Tuesday, March 19, 2013

City council rates illegal - Pirates of the Suburbs

Corruption in government costs the community dearly, in more ways than just financially. In this article the focus is on the illegal collection of monies by local city councils and the drone police force acting on the illegal action of government.

The corporate media is a government sponsored lap dog, where misinformation is deliberately spread to confuse the general public.

Also certain information is forbidden to publicised at all costs, and if the information is made public the consequences are for life.

The corporate media focuses on the entertainment of the herd population. 

It will focus on a party kid, or an idiotic moron miming to pop songs, a teenager who’s song is disliked by millions will be called a ‘sensation’, to just name a few examples.

Information that poses a threat to the ruling elite is labelled as a ‘conspiracy theory’ or people who post important information are ridiculed publicly or the posters are labelled as losers or loners or mentally unstable.

In Melbourne, Victoria in late 2012 a group of people decided to tackle the fraudulent collection of rates monies by city councils in the outer north western town of Melton.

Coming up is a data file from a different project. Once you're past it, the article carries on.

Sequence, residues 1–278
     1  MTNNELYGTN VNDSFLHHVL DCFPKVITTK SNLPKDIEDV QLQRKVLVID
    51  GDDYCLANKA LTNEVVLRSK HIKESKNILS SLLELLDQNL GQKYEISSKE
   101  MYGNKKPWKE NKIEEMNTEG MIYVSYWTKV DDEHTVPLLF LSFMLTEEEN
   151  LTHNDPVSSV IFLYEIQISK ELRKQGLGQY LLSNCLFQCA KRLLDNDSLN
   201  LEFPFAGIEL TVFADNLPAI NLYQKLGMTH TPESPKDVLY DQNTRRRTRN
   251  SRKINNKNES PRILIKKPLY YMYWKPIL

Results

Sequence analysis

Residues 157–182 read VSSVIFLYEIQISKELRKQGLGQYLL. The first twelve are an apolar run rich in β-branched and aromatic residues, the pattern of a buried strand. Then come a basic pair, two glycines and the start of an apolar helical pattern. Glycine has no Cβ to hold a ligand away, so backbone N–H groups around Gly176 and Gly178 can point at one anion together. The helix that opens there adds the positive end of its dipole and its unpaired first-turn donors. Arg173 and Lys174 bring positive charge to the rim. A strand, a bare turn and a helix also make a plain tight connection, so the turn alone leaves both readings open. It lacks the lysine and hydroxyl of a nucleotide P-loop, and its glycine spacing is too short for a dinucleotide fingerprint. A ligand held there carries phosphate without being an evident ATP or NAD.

The sitting at Melton City Council was recorded by the person questioning the rates collection employed by the city council.

City council members also stated that it was illegal to record, but this is NOT the case. They just got caught in one of the biggest lies and did not know how to handle it.

It is very doubtful that the corporate media will ever focus on the video, as the fraud is worth billions to city councils.

To the layman city councils are believed to be lawful and a part of government, which is NOT true.

City councils are corporations which are illegally charging for rates.

The video which exposed this lie is titled:

Pirates of the Suburbs – Destroying communities 


by Renren Illiad posted on 31 Dec 2012

The youtube video in this article should be watched by every land owner in Australia.

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